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Monday, March 1, 1830.+-

En route to Vincennes, IN.

"On the first of March, 1830, his father determined to emigrate once more. . . . The emigrant company was made up of Thomas Lincoln's family, and the families of Mrs. Lincoln's two sons-in-law. Their means of progress and conveyance were ox-wagons, one of which Abraham Lincoln drove." [Mrs. Harriet Hanks Chapman said they had three wagons, two drawn by two yoke of oxen each, and one by two teams of horses.]William D. Howells, Life of Abraham Lincoln (Springfield, IL: Abraham Lincoln Association, 1938), 23.

Company consists of Thomas Lincoln, his wife Sarah Bush Lincoln and her son, John D. Johnston; Dennis Hanks, his wife Sarah E. Hanks, their daughters Sarah Jane, Nancy M. and Harriet, and son John Talbot; Squire Hall, his wife Matilda and their son John; and Abraham Lincoln, 13 in all. Sarah E. Hanks and Matilda Hall were daughters of Sarah Bush Johnston Lincoln.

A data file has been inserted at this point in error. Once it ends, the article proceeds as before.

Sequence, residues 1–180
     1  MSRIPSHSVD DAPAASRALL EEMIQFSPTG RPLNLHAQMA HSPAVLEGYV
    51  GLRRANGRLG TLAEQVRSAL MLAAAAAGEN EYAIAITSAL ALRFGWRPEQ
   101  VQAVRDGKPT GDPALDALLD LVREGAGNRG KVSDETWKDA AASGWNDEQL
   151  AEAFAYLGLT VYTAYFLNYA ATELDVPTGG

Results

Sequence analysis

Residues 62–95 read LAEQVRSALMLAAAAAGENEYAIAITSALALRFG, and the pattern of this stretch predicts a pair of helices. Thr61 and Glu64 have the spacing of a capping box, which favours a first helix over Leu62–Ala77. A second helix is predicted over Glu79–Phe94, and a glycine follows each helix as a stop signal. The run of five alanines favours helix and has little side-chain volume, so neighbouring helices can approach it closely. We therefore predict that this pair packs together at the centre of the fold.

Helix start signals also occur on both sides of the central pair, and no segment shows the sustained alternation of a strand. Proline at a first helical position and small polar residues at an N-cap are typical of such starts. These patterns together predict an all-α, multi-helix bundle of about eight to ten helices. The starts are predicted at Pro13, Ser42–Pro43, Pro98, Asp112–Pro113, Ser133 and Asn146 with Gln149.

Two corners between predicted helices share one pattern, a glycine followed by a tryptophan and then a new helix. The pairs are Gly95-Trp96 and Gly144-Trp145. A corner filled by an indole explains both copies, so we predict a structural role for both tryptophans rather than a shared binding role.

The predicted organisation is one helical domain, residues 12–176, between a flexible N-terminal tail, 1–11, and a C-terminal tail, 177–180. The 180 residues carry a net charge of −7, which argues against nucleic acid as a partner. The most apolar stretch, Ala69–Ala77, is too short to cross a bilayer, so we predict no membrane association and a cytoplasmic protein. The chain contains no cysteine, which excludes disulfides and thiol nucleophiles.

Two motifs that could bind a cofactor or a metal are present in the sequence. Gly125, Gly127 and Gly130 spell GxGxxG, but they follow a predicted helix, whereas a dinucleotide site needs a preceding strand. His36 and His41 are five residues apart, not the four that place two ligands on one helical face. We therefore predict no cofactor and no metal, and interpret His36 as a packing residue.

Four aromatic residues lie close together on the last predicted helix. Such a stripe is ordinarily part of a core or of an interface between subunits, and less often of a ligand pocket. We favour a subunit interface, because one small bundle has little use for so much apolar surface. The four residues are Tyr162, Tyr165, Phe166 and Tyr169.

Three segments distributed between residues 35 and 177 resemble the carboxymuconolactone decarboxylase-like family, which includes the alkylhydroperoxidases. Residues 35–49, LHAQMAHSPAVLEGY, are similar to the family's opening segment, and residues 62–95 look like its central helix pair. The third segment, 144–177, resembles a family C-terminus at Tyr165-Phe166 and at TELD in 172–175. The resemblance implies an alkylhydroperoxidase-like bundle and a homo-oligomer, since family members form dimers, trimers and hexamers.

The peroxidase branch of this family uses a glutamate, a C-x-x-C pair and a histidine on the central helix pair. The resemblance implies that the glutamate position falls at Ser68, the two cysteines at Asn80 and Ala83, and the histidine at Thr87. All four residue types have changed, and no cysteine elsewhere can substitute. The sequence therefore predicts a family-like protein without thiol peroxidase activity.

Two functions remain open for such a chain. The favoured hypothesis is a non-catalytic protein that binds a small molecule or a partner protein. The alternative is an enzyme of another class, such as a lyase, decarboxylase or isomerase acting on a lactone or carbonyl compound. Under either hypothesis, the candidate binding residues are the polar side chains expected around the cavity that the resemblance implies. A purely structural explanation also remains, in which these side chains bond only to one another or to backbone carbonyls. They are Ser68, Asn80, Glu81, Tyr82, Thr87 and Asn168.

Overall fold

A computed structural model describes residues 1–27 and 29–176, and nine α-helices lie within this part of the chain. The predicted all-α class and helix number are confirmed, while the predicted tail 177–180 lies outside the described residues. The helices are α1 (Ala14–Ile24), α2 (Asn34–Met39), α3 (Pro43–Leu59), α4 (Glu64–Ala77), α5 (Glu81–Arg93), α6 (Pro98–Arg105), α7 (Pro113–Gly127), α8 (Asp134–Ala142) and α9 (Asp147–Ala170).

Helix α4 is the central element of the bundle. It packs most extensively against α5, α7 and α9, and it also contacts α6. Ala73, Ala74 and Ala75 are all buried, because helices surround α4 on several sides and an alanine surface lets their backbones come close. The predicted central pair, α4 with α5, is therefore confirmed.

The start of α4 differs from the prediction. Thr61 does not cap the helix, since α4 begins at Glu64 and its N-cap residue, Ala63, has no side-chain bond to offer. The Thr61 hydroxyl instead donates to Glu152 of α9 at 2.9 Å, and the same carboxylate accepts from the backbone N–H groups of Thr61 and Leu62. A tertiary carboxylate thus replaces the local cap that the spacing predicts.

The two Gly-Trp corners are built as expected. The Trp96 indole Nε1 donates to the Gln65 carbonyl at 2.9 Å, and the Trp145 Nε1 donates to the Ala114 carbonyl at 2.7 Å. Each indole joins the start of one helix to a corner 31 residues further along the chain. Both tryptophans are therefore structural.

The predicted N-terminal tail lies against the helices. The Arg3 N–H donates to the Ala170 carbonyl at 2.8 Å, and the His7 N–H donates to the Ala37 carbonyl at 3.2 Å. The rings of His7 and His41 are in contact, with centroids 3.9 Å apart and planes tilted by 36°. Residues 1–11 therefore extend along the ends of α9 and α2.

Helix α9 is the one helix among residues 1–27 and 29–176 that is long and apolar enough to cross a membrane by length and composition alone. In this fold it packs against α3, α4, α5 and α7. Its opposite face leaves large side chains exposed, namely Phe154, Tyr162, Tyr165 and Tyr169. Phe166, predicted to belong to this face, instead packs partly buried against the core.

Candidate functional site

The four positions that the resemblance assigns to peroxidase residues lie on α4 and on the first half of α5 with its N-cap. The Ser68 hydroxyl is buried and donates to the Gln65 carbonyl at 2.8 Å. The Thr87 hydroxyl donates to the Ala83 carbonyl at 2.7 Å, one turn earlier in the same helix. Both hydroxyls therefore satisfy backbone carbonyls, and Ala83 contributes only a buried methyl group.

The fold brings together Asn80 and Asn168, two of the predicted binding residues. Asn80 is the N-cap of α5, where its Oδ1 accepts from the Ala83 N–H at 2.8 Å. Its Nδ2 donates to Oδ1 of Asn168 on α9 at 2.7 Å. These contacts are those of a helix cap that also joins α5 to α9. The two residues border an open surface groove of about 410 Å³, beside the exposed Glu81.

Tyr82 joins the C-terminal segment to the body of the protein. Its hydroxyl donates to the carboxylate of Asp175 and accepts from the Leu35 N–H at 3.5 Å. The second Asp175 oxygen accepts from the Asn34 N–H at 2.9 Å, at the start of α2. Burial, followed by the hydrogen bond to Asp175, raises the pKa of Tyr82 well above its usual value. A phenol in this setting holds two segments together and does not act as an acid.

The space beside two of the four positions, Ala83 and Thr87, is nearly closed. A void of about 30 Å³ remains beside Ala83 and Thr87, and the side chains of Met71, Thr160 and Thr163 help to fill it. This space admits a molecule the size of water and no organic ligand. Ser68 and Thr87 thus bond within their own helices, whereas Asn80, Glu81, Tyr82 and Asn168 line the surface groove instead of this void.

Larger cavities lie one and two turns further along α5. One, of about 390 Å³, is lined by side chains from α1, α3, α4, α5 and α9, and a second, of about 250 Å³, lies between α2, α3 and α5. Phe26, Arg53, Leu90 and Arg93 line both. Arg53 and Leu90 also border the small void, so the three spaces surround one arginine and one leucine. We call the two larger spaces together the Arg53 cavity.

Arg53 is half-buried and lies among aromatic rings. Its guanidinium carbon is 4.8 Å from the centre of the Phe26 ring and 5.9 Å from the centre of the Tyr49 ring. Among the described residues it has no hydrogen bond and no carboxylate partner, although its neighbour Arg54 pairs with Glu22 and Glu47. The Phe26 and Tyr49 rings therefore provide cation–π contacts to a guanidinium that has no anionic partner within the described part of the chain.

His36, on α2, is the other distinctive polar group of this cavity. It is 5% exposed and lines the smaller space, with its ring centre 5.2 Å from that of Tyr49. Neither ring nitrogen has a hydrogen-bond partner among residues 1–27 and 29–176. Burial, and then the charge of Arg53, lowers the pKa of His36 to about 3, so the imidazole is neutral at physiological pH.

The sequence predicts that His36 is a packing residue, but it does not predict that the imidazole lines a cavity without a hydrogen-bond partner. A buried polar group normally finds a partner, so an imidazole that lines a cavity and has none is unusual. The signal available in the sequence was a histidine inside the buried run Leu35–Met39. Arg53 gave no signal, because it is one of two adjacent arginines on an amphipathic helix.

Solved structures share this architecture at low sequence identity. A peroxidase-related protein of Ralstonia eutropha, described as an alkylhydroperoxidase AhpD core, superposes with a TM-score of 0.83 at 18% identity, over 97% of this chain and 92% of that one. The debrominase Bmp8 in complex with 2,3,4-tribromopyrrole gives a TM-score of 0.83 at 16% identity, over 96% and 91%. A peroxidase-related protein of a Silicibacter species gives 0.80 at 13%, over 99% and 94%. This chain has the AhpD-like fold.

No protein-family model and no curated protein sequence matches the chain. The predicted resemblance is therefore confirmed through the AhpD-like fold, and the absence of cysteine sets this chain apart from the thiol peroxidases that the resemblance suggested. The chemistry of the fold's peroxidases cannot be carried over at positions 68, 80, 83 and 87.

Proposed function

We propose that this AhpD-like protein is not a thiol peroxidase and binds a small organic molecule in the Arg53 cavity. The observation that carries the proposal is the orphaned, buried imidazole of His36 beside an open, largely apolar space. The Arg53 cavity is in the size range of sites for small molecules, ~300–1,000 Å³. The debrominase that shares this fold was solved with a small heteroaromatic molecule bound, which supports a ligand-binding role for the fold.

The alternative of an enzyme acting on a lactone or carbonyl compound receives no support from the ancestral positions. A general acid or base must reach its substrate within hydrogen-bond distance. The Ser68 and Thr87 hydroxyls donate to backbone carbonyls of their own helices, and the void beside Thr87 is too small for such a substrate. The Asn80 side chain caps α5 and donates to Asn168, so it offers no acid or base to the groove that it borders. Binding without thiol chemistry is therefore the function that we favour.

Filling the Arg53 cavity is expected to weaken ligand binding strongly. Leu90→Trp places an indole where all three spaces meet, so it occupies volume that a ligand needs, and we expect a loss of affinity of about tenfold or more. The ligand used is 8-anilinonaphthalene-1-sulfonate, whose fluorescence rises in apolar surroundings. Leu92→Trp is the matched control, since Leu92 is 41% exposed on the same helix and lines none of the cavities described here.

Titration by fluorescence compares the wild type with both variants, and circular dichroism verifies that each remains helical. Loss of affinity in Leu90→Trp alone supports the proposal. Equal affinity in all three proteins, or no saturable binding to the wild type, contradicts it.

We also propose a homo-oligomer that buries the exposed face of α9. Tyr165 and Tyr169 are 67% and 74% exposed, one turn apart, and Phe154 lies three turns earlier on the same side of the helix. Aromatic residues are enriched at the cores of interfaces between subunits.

There is no distinct proof of route followed by Lincoln party on 225-mile journey from Gentryville to Decatur, Illinois, except from Vincennes to Lawrenceville. Indiana Lincoln Memorial Way Commission chose Troy-Vincennes trail, which passed through Polk Patch [now Selvin], Petersburg, and Monroe City. Probably four or five days completed 75-mile journey to Vincennes.LL, No. 161.